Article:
In today’s Newspoll, Labor’s primary vote slumped again to a low of just 27 percent, compared to 51 percent for the opposition Liberal-National coalition.

The collapse of support for Labor is a product of the regressive agenda that it is implementing on behalf of the corporate elite. The Gillard government is tasked with unleashing a social counter-revolution in Australia in line with the ruthless measures imposed in the US and Europe in the last period—slashing spending on welfare, health, education, social infrastructure, and driving down workers’ wages and conditions.

Next week the government will unveil its annual budget. It is set to feature the most severe austerity measures seen in Australia for more than six decades. Economic consultant Macroeconomics last week estimated that there had been a further $10 billion deterioration for the 2012-13 budget bottom-line in the past five months. If this is accurate, Treasurer Wayne Swan will have to find more than $50 billion in cuts and savings to deliver the promised budget surplus. This is equivalent to nearly 3 percent of Australia’s gross domestic product, an austerity budget comparable to some of those recently delivered in Europe.

The government has steadfastly refused to consider any alternative to sweeping spending cuts—rejecting the concerns of sections of the corporate elite that these measures will trigger a severe recession in the non-mining sectors of the economy. Gillard and Swan maintain that austerity is required to maintain Australia’s AAA credit rating and retain the confidence of the International Monetary Fund and global financial markets.

The government’s budget preparations are why there have been few calls from within the ruling elite for an early election, despite the chaos in parliament. There is no confidence that opposition leader Tony Abbott would prove capable of delivering the demanded pro-business measures.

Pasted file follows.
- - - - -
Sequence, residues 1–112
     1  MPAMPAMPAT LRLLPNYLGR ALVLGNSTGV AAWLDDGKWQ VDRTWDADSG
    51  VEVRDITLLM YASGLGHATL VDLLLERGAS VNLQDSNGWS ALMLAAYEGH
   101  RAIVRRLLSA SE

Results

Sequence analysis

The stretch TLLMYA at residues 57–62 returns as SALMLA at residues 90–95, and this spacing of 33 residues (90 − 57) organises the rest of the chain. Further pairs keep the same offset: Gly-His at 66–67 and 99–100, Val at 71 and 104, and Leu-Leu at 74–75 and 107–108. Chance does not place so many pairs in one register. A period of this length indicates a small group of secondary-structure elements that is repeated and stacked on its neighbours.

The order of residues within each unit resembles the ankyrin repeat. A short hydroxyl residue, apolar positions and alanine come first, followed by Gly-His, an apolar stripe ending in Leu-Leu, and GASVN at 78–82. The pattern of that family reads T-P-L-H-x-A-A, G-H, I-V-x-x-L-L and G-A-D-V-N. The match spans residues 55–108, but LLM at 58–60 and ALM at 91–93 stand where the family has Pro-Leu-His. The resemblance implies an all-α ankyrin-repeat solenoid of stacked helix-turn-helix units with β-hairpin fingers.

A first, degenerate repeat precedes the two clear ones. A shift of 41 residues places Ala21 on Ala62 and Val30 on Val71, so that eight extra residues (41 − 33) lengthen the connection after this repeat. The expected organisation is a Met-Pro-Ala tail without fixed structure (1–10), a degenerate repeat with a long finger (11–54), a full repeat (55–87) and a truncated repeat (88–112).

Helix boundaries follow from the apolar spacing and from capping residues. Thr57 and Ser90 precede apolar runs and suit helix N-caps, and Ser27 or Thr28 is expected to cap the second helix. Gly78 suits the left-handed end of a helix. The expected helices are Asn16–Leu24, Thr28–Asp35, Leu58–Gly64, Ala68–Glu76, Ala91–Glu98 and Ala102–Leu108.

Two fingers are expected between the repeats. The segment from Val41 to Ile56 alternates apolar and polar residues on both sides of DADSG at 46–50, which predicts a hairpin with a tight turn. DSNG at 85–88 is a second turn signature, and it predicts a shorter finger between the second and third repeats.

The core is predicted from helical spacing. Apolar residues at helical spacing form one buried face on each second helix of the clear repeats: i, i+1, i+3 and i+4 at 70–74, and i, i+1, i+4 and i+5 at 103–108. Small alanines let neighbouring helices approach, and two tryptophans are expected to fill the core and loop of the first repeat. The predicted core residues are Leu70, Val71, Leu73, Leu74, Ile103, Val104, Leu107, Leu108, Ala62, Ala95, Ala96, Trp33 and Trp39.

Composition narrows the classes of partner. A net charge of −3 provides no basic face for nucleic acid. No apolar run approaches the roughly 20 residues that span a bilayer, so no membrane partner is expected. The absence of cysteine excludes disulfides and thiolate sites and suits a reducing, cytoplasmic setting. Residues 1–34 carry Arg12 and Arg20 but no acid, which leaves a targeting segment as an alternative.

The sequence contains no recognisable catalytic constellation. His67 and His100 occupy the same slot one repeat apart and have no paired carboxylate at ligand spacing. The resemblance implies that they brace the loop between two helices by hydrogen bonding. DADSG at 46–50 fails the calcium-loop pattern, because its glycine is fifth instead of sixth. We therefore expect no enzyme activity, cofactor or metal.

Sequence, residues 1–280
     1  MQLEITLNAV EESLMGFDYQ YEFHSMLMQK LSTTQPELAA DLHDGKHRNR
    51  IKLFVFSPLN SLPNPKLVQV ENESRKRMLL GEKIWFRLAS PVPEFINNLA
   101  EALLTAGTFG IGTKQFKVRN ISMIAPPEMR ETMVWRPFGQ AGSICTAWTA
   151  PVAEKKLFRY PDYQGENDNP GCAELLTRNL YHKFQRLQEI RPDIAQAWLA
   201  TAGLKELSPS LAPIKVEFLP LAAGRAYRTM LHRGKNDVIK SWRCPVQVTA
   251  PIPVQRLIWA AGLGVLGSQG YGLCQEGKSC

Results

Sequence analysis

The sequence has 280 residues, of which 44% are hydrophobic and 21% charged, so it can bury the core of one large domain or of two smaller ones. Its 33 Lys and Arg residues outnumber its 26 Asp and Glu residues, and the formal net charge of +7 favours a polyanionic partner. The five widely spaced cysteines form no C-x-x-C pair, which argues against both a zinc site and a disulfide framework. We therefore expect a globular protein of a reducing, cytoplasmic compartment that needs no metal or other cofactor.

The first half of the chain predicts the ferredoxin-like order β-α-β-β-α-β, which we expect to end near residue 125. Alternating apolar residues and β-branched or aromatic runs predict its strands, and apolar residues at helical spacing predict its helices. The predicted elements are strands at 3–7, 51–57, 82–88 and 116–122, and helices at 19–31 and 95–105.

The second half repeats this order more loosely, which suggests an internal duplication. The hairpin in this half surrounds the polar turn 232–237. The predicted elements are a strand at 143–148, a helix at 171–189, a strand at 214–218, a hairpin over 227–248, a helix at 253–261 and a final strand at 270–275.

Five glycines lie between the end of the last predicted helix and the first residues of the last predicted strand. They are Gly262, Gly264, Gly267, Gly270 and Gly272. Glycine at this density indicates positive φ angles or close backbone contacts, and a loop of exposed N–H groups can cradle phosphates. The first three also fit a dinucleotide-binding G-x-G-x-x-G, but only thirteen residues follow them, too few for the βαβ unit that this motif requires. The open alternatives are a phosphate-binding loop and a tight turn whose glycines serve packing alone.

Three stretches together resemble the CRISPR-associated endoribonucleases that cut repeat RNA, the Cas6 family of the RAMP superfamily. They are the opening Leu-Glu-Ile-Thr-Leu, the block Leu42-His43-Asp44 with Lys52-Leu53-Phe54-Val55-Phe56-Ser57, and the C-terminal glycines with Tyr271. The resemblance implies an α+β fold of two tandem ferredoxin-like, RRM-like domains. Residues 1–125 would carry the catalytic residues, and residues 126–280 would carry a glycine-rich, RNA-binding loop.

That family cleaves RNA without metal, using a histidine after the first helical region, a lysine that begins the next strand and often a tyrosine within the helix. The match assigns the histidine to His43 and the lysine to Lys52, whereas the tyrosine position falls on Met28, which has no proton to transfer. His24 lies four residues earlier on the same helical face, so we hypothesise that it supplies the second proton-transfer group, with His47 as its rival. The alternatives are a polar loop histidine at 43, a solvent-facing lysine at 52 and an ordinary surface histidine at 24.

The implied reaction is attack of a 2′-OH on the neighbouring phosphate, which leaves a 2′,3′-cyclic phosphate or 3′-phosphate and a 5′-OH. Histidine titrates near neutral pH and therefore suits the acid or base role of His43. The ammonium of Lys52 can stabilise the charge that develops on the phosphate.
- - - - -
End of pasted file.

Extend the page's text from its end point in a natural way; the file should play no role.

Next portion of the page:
Corporate Australia is already dissatisfied with the performance of state Liberal governments in Victoria and New South Wales; Business Spectator’s Alan Kohler today complained that “one of the biggest problems in Australia at the moment is that conservative governments are cruising into power without any policies over the demolished remnants of unpopular Labor governments, and then doing nothing once they get there.”

Rupert Murdoch sent a message via Twitter on Saturday: “Dramatic, slimy events in Australian politics. Country desperately needs election to get fresh start.”

This demand will likely be taken up by the Murdoch press and other sections of the media if Gillard fails to deliver as promised with the May 8 budget. For now, however, the central message is that the government must press ahead with its pro-business restructuring agenda and severe budget cutbacks.

The Australian today issued an editorial, “Gillard must lead while MPs labour over options”, declaring that “the way forward for Labor must be, as we have always argued, good policy”. It continued: “Next week’s budget does provide an opportunity to reset. Ms Gillard and Wayne Swan must resist the temptation to lock in their base by playing to the politics of envy and hitting the rich.”

The Murdoch flagship publication again urged Gillard to follow the example of the previous Hawke-Keating governments, under which social inequality reached record levels through an unprecedented transfer of national income, from wages to corporate profits.